As with many of my life lessons, I learned the hard way.  I vividly recall a product development project for which I was an executive sponsor.  Each month for nearly two years the development team provided progress updates, sought additional funding, looked for guidance on feature/function decisions and otherwise adhered to the development schedule.  However, two months before launch, long after we had incorporated significant new revenue streams into our current year forecast, the development team advised that they were six to eight months off schedule.  They had hoped to make up time and they didn't want to deliver bad news, so they hadn't raised the alarm earlier, but other projects interfered and now there was no way to meet the deadline.  As executive sponsor I wasn't necessarily expected to be sitting with the developers each day, looking over their code and analyzing their progress, but I was expected to know if the launch date would be delayed into the next fiscal year, putting all of our revenue projections at significant risk!  I ate lunch alone quite a bit that year.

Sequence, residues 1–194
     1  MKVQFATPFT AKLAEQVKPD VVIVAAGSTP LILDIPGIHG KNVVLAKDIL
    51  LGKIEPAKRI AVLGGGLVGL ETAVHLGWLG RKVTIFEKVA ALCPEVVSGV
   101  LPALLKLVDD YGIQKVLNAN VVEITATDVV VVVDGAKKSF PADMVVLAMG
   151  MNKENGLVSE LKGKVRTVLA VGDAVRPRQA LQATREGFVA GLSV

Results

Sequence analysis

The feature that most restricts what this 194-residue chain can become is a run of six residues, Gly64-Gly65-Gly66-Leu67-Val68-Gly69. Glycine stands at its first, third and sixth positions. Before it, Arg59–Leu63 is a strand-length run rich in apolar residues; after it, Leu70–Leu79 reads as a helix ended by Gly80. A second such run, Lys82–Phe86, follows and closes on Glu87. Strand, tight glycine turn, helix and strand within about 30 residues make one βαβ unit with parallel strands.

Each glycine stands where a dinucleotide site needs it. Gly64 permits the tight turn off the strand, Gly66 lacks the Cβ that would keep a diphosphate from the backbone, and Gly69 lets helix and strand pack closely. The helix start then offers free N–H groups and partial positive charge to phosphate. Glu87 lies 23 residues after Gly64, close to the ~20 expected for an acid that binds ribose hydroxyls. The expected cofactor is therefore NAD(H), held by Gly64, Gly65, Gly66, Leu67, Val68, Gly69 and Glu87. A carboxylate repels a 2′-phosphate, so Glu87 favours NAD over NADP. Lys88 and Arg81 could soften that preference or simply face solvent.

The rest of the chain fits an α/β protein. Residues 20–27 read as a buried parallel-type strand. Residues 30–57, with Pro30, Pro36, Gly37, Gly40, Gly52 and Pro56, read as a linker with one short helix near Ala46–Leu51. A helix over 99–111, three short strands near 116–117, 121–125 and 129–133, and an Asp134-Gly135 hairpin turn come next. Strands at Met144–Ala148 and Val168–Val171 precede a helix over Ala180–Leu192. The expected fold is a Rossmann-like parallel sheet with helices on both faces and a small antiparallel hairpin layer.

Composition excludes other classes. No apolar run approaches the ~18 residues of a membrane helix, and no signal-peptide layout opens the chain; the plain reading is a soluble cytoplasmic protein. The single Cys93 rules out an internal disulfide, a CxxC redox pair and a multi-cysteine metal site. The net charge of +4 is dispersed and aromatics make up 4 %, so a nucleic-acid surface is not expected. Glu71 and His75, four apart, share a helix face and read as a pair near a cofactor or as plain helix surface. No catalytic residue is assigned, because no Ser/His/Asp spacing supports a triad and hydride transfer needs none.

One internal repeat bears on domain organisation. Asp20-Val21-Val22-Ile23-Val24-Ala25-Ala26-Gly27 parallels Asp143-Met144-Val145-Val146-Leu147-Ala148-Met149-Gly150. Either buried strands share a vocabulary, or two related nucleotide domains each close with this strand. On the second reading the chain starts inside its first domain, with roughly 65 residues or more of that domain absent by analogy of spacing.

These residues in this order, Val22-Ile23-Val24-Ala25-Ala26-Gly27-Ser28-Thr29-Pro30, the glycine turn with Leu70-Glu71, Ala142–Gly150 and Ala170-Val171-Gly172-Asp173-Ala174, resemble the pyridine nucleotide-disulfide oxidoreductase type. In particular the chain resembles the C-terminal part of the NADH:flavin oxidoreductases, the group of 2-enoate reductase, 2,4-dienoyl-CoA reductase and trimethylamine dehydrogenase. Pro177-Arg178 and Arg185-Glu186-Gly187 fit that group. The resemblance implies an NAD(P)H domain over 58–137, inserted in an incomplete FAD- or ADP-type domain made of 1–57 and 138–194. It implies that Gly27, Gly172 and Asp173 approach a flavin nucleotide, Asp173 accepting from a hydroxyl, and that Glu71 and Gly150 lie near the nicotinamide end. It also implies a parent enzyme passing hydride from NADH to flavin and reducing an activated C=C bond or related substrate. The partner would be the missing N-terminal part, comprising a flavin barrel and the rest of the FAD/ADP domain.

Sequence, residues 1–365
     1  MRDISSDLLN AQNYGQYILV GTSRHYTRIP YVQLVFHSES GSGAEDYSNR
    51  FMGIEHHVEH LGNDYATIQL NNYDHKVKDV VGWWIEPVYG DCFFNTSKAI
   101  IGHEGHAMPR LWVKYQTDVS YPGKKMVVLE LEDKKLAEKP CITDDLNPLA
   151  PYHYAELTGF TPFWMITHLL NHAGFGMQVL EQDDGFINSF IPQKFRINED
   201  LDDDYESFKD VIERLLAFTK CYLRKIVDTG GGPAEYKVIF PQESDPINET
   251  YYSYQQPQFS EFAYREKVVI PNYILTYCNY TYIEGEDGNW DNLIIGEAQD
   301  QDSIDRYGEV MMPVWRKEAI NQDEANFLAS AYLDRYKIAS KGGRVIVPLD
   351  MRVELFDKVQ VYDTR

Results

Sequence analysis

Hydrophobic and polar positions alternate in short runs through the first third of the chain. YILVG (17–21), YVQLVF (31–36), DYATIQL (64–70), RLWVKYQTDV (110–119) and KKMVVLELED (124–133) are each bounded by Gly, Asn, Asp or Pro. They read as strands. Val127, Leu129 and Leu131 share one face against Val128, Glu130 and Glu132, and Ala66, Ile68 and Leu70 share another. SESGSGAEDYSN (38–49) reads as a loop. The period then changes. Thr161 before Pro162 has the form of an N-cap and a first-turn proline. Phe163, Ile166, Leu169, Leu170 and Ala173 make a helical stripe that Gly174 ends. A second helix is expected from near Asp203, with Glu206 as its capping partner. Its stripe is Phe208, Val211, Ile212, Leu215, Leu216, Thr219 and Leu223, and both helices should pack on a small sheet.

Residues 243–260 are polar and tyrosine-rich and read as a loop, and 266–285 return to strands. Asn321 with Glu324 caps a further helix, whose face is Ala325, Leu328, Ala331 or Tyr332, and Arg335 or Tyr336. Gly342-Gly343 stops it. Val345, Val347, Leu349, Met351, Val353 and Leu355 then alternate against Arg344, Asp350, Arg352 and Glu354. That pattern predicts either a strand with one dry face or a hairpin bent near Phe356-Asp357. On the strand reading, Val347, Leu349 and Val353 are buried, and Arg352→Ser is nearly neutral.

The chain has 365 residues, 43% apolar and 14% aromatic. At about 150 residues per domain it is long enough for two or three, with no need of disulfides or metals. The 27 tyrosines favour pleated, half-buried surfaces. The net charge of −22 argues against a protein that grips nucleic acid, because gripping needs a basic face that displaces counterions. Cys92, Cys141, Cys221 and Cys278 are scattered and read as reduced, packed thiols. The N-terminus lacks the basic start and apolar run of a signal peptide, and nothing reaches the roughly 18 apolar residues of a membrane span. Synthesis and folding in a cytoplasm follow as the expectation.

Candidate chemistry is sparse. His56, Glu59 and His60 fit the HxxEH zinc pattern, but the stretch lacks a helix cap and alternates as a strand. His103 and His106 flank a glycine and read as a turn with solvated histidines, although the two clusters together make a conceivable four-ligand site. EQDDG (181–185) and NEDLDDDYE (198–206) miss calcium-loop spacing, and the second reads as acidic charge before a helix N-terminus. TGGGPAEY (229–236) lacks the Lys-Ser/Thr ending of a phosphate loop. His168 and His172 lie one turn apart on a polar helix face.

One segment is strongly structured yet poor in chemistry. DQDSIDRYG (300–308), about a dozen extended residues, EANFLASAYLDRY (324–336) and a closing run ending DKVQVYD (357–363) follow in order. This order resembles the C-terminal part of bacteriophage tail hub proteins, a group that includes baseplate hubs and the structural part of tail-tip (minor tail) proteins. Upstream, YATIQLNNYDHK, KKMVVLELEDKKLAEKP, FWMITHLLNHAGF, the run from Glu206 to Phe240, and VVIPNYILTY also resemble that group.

Let's close with an unrelated anecdote.  Because of my heavy travel schedule, much of it at hours when others in my time zone are fast asleep, from time to time I hire a car service to take me to and from the airport.  I grew fond of one car service owner-operator and hired him exclusively for several years.  Needless to say, I was a lucrative client for his small business.  For one return trip I had a tight schedule:  land at the airport, dash to the car waiting at the curb, try to shave off some time on the hour-long ride to my home, and make it to my daughter's band concert a few minutes late.  There was no room for error, such as an unanticipated (but quite common) traffic jam, so I also consulted the train schedule.   I could take a train and almost certainly have no delays, but I would miss more than half the concert.  I gambled on the car service.